Cambrai was an important town as it contained a strategic railhead. In front of it lay the very strong Hindenburg Line – a defensive position in which the Germans put a great deal of trust. The plan included an attack on the Hindenburg Line and the use of three cavalry divisions that would encircle Cambrai, thus cutting it off. The attack was duly launched at dawn on the morning of November 20, 1917, with all available tanks advancing across a 10 km front. 476 tanks were accompanied by six infantry and two cavalry divisions (the latter to exploit any breakthrough), plus a further 1,000 guns. Notably the attack was not preceded by a preliminary bombardment, helping to ensure complete surprise.
Within hours the lightly defended Germans were forced back some 6 km to Cambrai, the three trench systems of the Hindenburg Line pierced for the first time in the war. The British achieved success all along the line. Approximately 8,000 prisoners and 100 guns were captured on the first day alone. Much encouraged (and greatly surprised) by the notable gains of the first day, Haig (the British Commander-in-Chief) determined to press on with the attack, although once the initial surprise had passed British gains proved much harder to come by. Unfortunately a lack of available support to follow-up the surprise breakthrough of the first day resulted in a critical loss of momentum. Erich Ludendorff, the effective head of the German Third Supreme Command, ordered an immediate counter-attack. Some 20 divisions were deployed during the German counter-attack, which deployed so-called Hutier infiltration tactics (named after the German commander who had first deployed them, Oskar von Hutier). Within a week virtually all lost ground had been reclaimed.
The British plan ultimately failed to produce a major breakthrough, but the use of new tactics proved that the Germans could no longer consider themselves impregnable in their deeply entrenched positions. If ultimately the massed deployment of tanks had failed to achieve the desired for breakthrough, it had nevertheless demonstrated the potential for targeted use of the tank in offensive operations.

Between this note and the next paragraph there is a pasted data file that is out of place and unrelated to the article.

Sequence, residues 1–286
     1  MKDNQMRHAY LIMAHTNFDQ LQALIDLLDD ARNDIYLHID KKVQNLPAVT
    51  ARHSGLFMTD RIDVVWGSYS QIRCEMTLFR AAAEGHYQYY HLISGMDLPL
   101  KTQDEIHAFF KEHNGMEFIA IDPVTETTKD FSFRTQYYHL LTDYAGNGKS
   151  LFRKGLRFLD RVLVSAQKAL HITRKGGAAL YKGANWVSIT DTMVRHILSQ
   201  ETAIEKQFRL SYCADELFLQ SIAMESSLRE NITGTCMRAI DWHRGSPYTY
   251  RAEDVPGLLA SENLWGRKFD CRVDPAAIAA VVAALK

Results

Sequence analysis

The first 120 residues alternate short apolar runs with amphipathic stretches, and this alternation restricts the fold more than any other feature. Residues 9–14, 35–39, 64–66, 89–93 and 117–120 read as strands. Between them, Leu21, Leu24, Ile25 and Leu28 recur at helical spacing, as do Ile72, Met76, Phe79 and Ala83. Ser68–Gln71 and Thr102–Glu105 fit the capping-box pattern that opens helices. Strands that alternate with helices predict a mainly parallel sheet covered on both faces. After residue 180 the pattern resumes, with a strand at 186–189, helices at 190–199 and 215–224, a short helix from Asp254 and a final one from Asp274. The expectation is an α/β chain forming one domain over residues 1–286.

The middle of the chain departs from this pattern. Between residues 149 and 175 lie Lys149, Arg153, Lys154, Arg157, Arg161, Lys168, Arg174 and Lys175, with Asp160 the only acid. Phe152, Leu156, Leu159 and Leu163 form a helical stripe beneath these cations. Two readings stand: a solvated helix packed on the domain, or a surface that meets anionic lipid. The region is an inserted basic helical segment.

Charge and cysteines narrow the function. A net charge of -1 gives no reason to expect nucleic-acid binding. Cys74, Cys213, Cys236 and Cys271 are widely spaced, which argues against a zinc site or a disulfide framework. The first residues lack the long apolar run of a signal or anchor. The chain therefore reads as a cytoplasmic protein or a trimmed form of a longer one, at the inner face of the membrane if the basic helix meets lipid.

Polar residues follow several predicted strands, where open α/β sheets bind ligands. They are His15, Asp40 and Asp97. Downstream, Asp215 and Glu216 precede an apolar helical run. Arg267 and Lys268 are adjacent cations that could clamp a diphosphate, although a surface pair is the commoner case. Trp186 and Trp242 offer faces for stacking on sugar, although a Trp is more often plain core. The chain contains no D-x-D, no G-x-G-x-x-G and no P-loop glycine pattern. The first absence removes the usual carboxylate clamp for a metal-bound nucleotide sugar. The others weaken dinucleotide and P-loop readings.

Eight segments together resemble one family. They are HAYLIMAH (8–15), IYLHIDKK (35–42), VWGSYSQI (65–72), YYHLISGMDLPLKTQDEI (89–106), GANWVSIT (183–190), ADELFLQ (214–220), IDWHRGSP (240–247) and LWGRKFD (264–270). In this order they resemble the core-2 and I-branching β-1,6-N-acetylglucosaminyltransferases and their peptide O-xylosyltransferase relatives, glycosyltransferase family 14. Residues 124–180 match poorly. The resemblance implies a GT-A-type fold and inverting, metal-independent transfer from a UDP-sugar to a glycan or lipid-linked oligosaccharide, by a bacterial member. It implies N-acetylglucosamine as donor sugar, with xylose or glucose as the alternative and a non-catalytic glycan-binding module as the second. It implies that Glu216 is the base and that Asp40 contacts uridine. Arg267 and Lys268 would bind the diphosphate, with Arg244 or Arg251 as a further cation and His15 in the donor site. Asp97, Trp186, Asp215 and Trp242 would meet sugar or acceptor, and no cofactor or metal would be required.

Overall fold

- The first use of tanks on the battlefield was the use of British Mark I tanks at the Battle of Flers-Courcelette (part of the Battle of the Somme) on 15 September 1916, with mixed results; many broke down, but nearly a third succeeded in breaking through.
- The German high command, having overcome their initial alarm at the sudden appearance of the huge mechanical beasts upon the battlefield, came to regard the tank with disdain, a device readily destroyed by use of concentrated field artillery. Given such an attitude it was perhaps unsurprising that German tank development came relatively late in the war.
- Sheldon wrote that both sides had c. 40,000 casualties and questioned the British Official History figure of c. 53,000 German casualties, calling them “inflated for no good reason”. Miles recorded British casualties from 20 November – 8 December as 47,596, of whom 9,000 were taken prisoner and an official German total of c. 41,000 casualties, which Miles increased to 53,300 on the assumption that German figures omitted lightly wounded, which were counted in British casualty records.
(Photo credit: Underwood & Underwood/CORBIS).